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Beyond the Bale : December 2018
AWI-funded research has shown that increasing the calcium and magnesium intakes of pregnant ewes that don’t show any visual sign of calcium or magnesium deficiency puts the ewes into a better metabolic state, improves the immune response in twin newborn lambs and increased their weights at four weeks of age. Although mineral supplementation alone may not result in significant increases in lamb survival in individual flocks when ewes are grazing common pastures, it is recommended as a low-cost risk management strategy for pregnant ewes (especially twin bearers) to improve lamb survival. As reported in the June edition of Beyond the Bale, an AWI-funded project at the Graham Centre for Agricultural Innovation at Charles Sturt University has been looking at whether more widespread supplementing of lambing ewes’ diets with calcium and magnesium can improve lamb survival. When a ewe goes down with metabolic disorders such as hypocalcaemia (milk fever) or hypomagnesemia (grass tetany) the effects are very obvious. But what this project was more interested in is subclinical metabolic disorders, which is when there are no visual signs that the ewe is in trouble but her magnesium and calcium levels are actually below requirement. To recap the June article: 1. A literature review was initially carried out, which indicated subclinical calcium and magnesium deficiencies might reduce lamb survival. 2. Monitoring of 16 commercial lambing flocks grazing typical pastures across NSW, SA, Vic and WA was then undertaken in 2016, which demonstrated that two-thirds of flocks had 20% of ewes deficient in either calcium or magnesium a week before lambing, indicating a risk of subclinical metabolic disease. 3. An intensive pen study with twin-bearing ewes was then carried out, which showed that mineral supplementation with calcium and magnesium improved energy balance regulation in the ewe, which should reduce the risk of the ewe developing complications such as twin-lamb disease. Furthermore, mineral supplementation improved the immune response in both ewes and lambs, proving a mechanism through which lamb survival might be altered. Lamb weight at four weeks of age was also improved by supplementation. However, the pen study did not contain sufficient ewes to determine if supplementation significantly improved lamb survival. Therefore further field trials were carried out to assess the impact on lamb survival of supplementation in grazing ewes on commercial properties. THE NEW FIELD TRIALS AND THEIR RESULTS In 2017, a study used five flocks (across NSW, SA, and WA) with control and supplemented groups. The supplement offered provided calcium, magnesium and sodium, but in a form (‘anionic salts’) designed to improve calcium metabolism. However, the mineral supplement was only consumed in amounts that could be effective by two of these flocks, and mineral supplementation did not improve lamb survival in either flock. The study was repeated in 2018 on another flock, comparing both standard (1:1:1 lime, Causmag and salt) and the previous ‘anionic’ supplement, to test whether the form of the supplement was an issue. In this study, both supplements were readily consumed near the target level, but their consumption did not improve lamb survival. The researchers suggest this lack of improvement in lamb survival might have been due to variability in ewes’ intake of the supplement during the field trials, or that other factors were of greater importance in affecting lamb survival in these commercial flocks. RESEARCH CONCLUSIONS A key research finding from the project was that many late pregnant ewes in Australian grazing flocks are subclinically deficient in calcium and magnesium, so woolgrowers should manage these risks to prevent clinical forms developing which could cause numerous ewe losses and high lamb mortality. When twin-bearing ewes consumed higher levels of calcium and magnesium (in the pen study), there was an improvement in the energy regulation of late pregnant ewes, the immune status of the lambs, as well as twin-lamb early growth rate – which can all be expected to reduce the risk of clinical metabolic disorders and other contributors to lamb mortality. Given the low cost of calcium and magnesium supplementation used in this project (<$0.02/ hd/day), the researchers say that provision of such supplements can be recommended as a low-cost risk management strategy for pregnant ewes, especially for twin bearing ewes or when ewes are being grain fed or grazing grass dominant pastures or cereal crops – because supplementation is likely to assist in prevention of some metabolic disorders and improve lamb immunity and early weight gains. ON FARM 49 MINERAL SUPPLEMENTS FOR PREGNANT EWES? Researchers say that calcium and magnesium supplements can be recommended as a low-cost risk management strategy for pregnant ewes, especially for twin bearing ewes or when ewes are being grain fed or grazing grass dominant pastures or cereal crops.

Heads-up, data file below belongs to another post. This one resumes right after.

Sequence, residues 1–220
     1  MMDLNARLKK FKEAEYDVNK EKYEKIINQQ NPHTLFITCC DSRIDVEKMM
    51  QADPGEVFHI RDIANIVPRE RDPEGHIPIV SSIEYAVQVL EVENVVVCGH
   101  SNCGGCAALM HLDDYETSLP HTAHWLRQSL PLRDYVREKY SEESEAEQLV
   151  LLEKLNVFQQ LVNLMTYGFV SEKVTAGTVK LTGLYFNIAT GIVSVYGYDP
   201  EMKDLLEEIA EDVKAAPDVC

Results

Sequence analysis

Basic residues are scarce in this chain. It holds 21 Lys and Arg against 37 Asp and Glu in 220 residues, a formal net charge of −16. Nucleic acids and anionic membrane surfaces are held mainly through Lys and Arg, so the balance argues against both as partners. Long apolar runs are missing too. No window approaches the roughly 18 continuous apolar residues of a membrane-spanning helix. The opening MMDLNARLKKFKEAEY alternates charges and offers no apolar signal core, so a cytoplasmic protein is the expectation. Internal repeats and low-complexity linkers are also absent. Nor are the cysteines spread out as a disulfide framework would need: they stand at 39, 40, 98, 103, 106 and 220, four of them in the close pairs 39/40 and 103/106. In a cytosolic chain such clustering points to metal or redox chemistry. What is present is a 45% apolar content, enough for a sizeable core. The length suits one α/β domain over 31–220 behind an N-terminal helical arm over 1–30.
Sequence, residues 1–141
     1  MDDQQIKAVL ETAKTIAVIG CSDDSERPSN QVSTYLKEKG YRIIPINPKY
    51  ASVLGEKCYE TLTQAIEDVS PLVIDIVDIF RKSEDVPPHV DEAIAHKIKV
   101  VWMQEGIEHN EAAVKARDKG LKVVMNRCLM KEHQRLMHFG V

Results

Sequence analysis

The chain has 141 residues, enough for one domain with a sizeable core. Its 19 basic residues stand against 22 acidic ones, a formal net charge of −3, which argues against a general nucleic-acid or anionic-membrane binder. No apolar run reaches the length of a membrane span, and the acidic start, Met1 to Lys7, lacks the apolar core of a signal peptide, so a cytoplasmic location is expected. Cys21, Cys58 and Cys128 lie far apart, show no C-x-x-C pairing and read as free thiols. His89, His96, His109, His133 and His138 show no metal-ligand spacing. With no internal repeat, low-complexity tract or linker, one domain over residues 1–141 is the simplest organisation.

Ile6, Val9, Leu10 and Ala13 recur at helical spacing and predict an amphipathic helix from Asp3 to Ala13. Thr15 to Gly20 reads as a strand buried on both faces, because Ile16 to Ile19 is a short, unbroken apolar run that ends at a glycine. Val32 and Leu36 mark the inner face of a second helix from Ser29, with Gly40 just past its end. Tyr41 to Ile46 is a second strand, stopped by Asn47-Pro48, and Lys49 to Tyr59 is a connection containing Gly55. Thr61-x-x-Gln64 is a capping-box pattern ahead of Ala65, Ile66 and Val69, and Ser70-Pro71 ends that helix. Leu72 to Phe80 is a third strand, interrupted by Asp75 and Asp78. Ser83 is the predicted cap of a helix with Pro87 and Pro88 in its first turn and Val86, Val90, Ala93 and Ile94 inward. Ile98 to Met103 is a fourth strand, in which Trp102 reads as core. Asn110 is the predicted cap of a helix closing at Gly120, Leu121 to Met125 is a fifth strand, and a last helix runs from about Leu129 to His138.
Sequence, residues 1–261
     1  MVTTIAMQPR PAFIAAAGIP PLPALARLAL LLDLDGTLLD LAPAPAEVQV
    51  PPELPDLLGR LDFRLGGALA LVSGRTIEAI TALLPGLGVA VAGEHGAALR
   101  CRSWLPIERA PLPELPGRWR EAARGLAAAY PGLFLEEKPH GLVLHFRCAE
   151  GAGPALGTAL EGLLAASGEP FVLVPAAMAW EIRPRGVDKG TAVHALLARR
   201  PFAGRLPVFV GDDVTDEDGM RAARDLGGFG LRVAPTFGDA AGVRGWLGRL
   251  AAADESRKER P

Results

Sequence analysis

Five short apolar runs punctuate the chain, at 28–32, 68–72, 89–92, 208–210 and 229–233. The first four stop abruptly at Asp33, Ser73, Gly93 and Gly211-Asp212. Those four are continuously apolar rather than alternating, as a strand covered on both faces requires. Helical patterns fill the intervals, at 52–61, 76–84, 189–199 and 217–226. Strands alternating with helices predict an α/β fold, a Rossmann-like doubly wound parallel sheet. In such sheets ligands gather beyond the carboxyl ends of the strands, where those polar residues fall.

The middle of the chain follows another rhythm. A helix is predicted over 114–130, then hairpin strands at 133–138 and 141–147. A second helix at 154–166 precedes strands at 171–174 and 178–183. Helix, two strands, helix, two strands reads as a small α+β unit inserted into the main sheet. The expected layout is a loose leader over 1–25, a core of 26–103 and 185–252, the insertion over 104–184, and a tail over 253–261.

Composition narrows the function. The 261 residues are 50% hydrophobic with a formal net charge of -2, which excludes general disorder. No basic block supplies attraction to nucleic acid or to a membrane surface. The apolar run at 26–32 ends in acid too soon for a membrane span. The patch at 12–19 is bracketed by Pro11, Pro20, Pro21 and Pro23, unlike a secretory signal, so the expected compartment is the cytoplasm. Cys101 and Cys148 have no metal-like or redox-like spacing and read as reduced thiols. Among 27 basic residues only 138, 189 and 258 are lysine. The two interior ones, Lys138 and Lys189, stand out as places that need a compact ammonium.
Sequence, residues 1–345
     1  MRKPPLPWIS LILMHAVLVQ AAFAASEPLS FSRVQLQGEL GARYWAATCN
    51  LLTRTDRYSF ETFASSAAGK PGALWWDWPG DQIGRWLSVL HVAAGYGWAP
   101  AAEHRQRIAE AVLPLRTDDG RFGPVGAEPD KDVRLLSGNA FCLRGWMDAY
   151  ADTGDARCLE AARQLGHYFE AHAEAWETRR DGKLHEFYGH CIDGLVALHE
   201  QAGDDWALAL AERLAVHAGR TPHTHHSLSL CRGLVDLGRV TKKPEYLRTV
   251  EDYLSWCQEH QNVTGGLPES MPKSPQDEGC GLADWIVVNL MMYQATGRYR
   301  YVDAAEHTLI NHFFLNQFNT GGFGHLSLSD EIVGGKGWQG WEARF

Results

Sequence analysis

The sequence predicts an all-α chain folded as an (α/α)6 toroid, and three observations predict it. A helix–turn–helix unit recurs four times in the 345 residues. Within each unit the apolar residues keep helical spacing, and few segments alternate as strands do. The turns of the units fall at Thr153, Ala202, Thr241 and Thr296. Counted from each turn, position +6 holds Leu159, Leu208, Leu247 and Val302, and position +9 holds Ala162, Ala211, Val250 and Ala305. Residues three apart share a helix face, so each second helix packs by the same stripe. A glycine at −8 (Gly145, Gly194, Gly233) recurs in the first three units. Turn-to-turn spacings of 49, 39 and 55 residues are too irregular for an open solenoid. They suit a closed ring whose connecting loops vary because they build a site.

In the Shops - March 2019